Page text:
Despite showing pictures of the top in both open and closed positions, the seller of today’s Nice Price or No Dice Saab 900 lists the convertible roof to be nonworking and in need of a fix. Will that top flaw require a lower bottom line?
As many of you pointed out in the comments yesterday, there’s a big difference between a real icon and a pretender to that throne. I mean seriously, how many tribute band concert T-shirts do you possess?
That was just the reaction yesterday’s tuner-modified 1996 BMW Z3 “M” received. It may have been built out of an M3 base before the M Roadster was a thing, but as many of you pointed out, there are plenty of the latter around now. That factor makes the converted car more anachronistic than archetypal. A $12,999 asking price didn’t help matters, and the car fell in a 61 percent No Dice loss.
It may not exactly be the season for convertibles, what with winter’s rain and snow and the cold weather being more demanding of competent tires than of a top that goes up and down.
That may make this 1998 Saab 900 convertible a less desirable ride at the moment. That is until you learn that its convertible top is not working. Hey, having to wrestle it yourself makes it far less likely that you would risk leaving the top down if the weather looks iffy.
The ad does not say what is wrong with the top. It does, however, show pictures of it in both open and closed positions so it’s reasonable to assume that it’s not locked up one way or the other.
Aside from the janky top, the car seems to be in pretty good shape. As an SE model, it also looks to be fairly well kitted, featuring leather upholstery, power windows and locks, and automatic climate control. That’s all in a cabin that presents in remarkably good condition for its age and 163,000 miles. The leather is in especially nice shape, with no apparent tears or significant crazing. None of the buttons look appreciably worn, nor does the four-spoke steering wheel or the shifter for the five-speed manual.
Wrapped around that tidy cabin is a body that also appears to have plenty of life left in it. The Imola Red paint holds a shine and that top, while seemingly reluctant to move, seems otherwise without flaw. Saabs have long been known for fancy three-spoke wheels, and the Vikings on this SE sits keep that tradition alive.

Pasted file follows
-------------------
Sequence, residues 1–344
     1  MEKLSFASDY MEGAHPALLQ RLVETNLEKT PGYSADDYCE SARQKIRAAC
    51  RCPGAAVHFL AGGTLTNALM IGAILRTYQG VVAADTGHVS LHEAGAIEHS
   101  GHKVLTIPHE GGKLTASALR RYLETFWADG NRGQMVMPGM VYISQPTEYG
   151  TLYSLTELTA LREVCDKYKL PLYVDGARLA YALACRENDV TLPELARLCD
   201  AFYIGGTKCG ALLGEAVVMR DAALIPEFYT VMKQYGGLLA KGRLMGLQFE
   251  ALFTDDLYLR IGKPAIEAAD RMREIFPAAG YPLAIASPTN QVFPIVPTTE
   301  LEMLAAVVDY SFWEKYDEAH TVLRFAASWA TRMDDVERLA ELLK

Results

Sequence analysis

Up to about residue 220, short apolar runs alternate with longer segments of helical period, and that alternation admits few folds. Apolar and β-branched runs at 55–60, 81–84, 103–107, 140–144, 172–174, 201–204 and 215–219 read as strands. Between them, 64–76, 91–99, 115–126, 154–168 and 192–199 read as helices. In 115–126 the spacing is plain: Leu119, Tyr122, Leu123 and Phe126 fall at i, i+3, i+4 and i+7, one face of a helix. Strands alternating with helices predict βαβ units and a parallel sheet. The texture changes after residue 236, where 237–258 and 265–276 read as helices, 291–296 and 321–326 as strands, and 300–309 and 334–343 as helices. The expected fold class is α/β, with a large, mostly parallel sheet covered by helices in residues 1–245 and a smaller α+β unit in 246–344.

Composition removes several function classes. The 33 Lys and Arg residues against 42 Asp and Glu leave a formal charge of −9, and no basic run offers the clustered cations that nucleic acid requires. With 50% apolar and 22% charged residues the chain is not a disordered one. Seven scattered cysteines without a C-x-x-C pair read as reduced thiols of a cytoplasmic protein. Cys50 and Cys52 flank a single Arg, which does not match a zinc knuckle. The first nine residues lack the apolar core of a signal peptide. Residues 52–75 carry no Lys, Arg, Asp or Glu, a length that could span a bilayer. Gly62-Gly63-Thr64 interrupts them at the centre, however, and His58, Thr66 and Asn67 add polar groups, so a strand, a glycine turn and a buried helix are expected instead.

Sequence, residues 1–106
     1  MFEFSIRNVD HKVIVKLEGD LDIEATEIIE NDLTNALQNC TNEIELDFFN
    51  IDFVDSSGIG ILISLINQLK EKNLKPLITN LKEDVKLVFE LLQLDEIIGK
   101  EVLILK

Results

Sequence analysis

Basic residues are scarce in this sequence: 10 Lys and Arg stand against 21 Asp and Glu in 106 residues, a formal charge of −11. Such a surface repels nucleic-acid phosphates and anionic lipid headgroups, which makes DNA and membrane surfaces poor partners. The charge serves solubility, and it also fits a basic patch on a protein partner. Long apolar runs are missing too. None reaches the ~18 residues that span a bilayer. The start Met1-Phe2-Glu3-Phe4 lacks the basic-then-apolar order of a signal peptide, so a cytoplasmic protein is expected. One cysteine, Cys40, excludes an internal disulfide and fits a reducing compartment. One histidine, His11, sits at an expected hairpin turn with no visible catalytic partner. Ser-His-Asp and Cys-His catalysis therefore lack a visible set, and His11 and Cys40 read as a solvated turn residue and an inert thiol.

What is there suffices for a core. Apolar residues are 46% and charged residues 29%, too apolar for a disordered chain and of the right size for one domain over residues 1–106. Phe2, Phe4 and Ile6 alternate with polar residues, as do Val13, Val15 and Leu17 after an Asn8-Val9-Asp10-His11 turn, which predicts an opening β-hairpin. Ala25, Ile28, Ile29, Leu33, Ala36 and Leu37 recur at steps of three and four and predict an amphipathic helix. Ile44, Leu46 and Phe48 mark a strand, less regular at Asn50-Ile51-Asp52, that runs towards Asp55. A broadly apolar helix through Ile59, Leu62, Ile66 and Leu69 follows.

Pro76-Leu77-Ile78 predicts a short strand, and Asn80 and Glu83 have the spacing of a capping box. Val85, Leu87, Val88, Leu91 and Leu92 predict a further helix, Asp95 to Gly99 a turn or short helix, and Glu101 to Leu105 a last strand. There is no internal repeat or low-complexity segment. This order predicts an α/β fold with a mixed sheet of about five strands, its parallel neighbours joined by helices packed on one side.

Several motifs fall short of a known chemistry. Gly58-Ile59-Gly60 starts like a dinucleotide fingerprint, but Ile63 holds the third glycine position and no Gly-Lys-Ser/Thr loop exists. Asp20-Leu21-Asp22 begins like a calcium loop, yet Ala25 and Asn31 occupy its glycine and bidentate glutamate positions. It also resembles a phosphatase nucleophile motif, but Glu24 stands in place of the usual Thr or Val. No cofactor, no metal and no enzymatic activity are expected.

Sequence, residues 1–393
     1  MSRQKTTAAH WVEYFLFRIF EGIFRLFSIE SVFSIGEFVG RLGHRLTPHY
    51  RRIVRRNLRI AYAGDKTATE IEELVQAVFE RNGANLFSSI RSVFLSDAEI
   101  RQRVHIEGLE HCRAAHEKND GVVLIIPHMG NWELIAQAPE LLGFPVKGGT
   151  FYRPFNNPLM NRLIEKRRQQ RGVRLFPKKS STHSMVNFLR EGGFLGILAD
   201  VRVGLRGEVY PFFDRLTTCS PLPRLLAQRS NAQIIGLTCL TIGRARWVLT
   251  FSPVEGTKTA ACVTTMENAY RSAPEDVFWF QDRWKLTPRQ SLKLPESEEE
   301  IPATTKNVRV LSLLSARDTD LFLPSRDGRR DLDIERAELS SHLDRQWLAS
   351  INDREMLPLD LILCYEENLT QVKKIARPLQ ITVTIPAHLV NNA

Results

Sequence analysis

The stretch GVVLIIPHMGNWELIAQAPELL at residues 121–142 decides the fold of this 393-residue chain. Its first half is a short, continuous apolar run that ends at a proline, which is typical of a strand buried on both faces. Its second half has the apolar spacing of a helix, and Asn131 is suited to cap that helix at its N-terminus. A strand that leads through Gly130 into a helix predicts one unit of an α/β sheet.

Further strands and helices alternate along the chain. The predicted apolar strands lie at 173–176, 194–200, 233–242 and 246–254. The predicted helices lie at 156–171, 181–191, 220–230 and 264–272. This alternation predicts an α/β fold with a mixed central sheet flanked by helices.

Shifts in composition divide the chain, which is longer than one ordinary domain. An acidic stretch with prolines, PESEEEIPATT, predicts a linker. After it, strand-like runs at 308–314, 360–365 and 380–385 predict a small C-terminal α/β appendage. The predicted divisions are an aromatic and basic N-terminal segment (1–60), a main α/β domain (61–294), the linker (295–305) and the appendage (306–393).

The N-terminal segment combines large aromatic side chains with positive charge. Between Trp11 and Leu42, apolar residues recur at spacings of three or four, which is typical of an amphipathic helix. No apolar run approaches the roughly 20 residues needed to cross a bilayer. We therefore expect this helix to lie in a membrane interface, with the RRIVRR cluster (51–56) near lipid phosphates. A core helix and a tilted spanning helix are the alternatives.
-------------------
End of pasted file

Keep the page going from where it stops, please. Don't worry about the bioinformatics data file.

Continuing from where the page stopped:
The seller doesn’t deem the engine compartment worthy of a photo but in there we should expect to find a 185-horsepower 2.0-liter four sitting side-saddle. As noted, that does its thing through a five-speed stick. Of course that powers the front wheels. This is an NG900 edition, which was the first of the Saabs to roll on a re-engineered GM platform. Despite those somewhat generic origins, there’s still enough Saab here — those wonderful seats, the ignition in the console — to give you a satisfying taste of the Swedish brand.
The seller claims to be selling the car for his grandmother, and considering the car’s condition and the fact that it’s a stick, I’d say that grandma was pretty hip. The title is clean and both tires and brakes (likely meaning just pads) are said to be less than six months old. The car also runs current registration. Aside from the top and the fact that for most of the country convertible weather is likely a good three months away, there seems to be a lot of appeal in this older Saab. The question is whether or not it might be $3,800 worth of appeal.
What do you think, is this Saab 900 worth that kind of cash with its broken top mechanism? Or, do you think that if the top doesn’t go down the price needs to?
H/T to Tom G. for the hookup!
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